New Yorkers walking through the trendy SoHo district starting July 19 will catch a glimpse of perhaps the most unique retail store in the audio market.

Sonos is opening its first retail store on 101 Greene Street, nicknamed 101G, with the goal of giving users and prospective customers an audio listening experience that they just can’t get anywhere else.

While it’s certainly possibly to hear a Sonos speaker in a store like Best Buy or Target, the experience will never be the same once the speaker is hooked up at home. Why? Because consumers don’t live in spaces that resemble big box, warehouse or department stores. The acoustics, shape and size of the space are all different, so the sound will be different too.

Sonos built the store from the ground up to mimic the experience of listening to music in the home. When visitors enter the store, instead of seeing a row of Sonos speakers on shelves as they might expect, they’ll see a row of seven listening rooms, which actually look a bit like mini houses.

“It’s a very unusual experience,” says Dmitri Siegel, vice president of global brand and executive creative director for Sonos. “We’ve devoted almost all of the floor plan to these listening rooms. You’ll be able to go in there with whoever you come in with, and we’re going to leave you alone and let you listen to music.”

Each room is different than the next. The rooms range from staged kitchens and living rooms to bedrooms and studies, each are individually designed for aesthetics and acoustics and every one gives customers a different “feel” of being at home jamming out to some tunes.

Sonos worked with interior designers to capture the styles and periods from the past century, including custom furniture, visual art and lighting design.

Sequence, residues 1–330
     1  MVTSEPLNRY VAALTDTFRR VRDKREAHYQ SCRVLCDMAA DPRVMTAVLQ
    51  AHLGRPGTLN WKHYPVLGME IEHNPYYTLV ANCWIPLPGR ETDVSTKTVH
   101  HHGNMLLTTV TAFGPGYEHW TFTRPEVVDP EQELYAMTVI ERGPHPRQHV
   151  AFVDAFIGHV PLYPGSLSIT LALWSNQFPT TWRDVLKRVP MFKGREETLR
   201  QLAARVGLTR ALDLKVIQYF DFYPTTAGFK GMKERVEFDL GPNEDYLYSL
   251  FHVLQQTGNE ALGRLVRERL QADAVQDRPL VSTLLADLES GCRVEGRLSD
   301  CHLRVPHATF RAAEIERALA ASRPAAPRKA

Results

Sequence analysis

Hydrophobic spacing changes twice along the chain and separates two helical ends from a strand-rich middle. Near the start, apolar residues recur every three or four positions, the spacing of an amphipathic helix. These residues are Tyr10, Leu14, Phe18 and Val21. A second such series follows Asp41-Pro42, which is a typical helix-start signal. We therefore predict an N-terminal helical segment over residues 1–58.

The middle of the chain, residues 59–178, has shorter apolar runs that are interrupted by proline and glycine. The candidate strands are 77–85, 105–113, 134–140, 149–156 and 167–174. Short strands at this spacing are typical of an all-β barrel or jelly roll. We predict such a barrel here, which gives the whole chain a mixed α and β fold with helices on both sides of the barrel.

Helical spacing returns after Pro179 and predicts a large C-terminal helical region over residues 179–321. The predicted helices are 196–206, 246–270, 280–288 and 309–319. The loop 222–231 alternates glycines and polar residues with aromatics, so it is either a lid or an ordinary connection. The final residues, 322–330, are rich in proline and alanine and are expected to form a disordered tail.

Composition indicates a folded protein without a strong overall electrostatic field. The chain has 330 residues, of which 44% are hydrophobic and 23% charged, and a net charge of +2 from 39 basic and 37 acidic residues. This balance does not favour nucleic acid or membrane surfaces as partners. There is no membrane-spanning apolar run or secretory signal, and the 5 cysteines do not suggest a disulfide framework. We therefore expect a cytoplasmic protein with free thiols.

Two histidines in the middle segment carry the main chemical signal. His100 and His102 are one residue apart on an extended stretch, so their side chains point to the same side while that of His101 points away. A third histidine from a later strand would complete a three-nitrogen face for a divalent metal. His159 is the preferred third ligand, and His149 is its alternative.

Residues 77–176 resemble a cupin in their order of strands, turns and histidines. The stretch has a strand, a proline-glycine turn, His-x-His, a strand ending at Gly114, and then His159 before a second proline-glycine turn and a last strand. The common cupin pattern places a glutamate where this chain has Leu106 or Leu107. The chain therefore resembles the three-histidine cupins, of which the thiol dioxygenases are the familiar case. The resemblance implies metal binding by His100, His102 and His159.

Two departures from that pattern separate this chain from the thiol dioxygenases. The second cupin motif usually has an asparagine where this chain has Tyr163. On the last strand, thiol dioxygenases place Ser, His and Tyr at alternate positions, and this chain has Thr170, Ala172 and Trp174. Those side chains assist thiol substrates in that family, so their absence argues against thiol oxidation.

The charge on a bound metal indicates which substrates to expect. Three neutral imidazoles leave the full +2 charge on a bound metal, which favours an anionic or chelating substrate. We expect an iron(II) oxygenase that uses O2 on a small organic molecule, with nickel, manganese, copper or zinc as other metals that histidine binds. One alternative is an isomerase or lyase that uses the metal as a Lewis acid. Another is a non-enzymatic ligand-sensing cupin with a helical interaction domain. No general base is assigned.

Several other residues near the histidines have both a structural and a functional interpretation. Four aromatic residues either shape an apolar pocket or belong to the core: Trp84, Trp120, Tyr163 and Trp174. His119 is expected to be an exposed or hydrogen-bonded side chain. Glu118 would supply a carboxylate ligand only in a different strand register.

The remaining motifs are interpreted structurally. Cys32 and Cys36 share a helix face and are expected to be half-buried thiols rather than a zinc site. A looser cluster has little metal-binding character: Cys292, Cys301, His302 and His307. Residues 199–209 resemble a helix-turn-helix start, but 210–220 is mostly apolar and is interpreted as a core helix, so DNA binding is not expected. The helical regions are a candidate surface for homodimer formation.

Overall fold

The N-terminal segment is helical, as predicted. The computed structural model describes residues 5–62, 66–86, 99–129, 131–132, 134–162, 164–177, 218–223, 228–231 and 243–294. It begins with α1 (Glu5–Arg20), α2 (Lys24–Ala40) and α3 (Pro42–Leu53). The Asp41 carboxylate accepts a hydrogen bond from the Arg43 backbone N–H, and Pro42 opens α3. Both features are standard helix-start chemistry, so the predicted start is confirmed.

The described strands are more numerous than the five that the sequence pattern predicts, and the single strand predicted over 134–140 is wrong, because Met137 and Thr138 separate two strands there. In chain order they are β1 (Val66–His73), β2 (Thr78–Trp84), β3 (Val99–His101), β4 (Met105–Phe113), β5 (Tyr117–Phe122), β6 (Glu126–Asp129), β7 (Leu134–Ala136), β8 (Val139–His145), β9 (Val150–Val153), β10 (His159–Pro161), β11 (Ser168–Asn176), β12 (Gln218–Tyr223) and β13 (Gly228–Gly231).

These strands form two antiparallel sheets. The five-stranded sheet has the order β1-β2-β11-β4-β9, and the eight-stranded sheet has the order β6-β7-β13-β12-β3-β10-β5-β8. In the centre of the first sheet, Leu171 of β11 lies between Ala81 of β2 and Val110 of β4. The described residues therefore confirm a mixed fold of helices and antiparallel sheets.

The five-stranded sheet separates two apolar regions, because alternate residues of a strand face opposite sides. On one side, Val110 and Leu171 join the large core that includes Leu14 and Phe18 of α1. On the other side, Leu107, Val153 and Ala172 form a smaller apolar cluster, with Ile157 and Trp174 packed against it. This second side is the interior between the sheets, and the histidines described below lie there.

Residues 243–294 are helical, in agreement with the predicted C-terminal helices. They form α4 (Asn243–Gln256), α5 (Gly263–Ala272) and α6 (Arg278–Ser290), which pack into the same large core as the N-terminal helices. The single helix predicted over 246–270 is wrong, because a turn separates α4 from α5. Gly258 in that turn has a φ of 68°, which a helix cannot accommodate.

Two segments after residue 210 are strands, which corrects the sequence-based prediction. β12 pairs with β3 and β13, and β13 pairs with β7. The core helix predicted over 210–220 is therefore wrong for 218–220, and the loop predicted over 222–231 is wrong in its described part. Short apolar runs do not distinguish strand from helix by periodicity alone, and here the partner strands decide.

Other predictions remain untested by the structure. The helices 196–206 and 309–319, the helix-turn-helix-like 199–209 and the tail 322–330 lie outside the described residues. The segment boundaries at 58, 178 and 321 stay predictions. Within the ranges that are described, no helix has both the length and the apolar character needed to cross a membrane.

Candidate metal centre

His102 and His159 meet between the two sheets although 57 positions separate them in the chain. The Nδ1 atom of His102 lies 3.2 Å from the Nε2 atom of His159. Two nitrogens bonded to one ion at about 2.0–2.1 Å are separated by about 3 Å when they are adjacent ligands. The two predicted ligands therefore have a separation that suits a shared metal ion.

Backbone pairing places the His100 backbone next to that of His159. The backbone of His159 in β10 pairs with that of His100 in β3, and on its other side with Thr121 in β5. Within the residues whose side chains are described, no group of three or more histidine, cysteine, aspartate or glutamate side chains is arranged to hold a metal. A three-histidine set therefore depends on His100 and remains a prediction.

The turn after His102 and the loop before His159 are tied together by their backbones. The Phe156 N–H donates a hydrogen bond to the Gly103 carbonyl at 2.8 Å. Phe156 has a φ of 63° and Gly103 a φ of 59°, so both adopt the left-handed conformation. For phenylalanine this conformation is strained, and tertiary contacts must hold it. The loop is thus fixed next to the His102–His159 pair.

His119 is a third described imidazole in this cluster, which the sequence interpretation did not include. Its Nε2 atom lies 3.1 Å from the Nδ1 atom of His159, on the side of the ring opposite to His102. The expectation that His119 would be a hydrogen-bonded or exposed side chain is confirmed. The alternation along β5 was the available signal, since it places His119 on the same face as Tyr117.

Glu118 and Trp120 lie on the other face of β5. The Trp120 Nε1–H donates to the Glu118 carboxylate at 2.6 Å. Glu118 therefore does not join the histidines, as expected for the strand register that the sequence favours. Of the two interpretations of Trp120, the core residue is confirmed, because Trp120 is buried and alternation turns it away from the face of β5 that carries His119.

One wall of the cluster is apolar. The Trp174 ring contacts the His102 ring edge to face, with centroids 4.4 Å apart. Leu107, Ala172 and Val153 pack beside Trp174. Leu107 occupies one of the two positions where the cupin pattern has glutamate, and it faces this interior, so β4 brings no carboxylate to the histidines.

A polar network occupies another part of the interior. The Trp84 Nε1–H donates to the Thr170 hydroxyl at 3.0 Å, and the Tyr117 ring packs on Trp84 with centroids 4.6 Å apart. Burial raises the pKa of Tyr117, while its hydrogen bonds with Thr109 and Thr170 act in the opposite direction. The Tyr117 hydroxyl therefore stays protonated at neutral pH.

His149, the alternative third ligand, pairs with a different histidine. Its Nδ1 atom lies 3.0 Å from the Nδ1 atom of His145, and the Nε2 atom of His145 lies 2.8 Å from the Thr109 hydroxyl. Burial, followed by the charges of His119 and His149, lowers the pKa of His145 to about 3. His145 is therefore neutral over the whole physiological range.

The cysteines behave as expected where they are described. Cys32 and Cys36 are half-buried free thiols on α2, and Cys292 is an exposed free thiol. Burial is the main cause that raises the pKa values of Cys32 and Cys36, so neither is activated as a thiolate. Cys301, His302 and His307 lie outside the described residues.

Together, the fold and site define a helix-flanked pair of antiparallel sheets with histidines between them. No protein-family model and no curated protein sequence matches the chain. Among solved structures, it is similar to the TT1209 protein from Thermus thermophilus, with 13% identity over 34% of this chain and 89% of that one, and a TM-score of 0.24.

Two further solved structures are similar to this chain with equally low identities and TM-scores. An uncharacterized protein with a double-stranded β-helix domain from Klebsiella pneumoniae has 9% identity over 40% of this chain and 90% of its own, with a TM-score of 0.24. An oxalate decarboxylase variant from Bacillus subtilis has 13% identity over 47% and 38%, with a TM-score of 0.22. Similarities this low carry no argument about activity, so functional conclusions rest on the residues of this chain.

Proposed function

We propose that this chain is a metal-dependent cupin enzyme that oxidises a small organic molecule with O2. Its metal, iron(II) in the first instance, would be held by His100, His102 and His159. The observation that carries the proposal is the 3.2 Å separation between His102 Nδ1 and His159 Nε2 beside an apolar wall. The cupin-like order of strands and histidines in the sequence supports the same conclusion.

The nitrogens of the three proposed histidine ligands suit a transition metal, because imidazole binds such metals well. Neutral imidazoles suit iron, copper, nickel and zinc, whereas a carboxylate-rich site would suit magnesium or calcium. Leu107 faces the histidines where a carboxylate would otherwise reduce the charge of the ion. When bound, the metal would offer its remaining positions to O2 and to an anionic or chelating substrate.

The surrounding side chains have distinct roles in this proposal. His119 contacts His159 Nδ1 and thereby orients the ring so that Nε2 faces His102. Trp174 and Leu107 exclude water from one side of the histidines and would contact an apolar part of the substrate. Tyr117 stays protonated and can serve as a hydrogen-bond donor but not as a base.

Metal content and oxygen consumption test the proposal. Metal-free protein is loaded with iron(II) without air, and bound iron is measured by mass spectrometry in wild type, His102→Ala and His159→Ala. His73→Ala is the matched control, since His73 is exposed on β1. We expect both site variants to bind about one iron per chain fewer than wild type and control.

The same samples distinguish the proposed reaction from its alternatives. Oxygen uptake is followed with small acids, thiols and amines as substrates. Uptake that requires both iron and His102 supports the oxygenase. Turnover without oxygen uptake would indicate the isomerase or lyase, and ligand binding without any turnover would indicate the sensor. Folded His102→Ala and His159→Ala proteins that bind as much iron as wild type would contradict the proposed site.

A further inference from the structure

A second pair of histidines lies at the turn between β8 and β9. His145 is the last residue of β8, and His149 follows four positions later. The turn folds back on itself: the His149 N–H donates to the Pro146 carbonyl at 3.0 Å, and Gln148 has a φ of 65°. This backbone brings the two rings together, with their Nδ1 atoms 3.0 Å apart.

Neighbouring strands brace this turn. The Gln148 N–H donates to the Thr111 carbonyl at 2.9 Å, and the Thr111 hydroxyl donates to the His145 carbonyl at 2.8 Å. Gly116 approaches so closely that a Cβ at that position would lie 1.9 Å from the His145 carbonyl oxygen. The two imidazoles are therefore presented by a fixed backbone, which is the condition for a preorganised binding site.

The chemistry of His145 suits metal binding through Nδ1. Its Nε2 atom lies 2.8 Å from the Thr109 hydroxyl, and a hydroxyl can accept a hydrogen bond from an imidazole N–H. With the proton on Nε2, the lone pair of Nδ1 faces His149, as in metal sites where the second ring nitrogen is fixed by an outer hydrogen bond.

Sonos’ sound experience leader, Giles Martin, personally tuned every room for maximum quality sound.

The listening rooms are covered in thousands of pounds of sheetrock and custom-beveled glass to make them soundproof and acoustically perfect. But the furniture and details in the space work to reflect exactly how music would sound at home, using bookshelves, woven rugs and other pieces that improve acoustics in any room.

Visitors are encouraged to play around with the Sonos software and queue up the music they love, alternating between different combinations of speakers and sound systems. The different ‘personalities’ of each room allow visitors to hear Sonos sound on everything from home theater systems to turntables in the proper context.

The entire store is designed to reflect the rich musical history of its hometown. New York City was the birthplace of so many new sounds, from hip-hop to punk rock to disco. Legendary illustrators and painters like Mark Stamaty, Thibaud Herem, and Mark Chamberlain designed and hand-painted the wallpaper.

Thurston Moore lent the store cassette tapes from the golden age of NYC cassette trading. Archivist Arthur Fournier put up rare selections from his classic zine collection. And right in the front of the store, an 8-foot portrait of Rick Rubin, famed record producer and Sonos board member, greets visitors coming in the entrance.

What Do Integrators Think?

How integrators might be affected by the opening of the Sonos store is still up in the air. Some will argue that integrators are at a disadvantage because customers can buy the speakers directly from the store. But Sonos says the objective of the store actually isn’t immediate sales.

“We know it can be a long buying decision-making process,” says Dmitril. “It’s not generally a spontaneous purchase.”

The goal of the listening rooms is to allow customers to experience the speakers in the perfect environment, and then do more research at home and consider the speakers for their next audio purchase or home install. They could, at that point, talk to a dealer and say, “I listened to these speakers in the Sonos store and I love them. Can we include them in this project?”

Dealers could even suggest that their New York customers make a stop at the Sonos store to try the speakers out for themselves, the way that many firms use Lutron and Crestron experience centers to sell home automation and lighting control systems.

This article first appeared on CE Pro.

 

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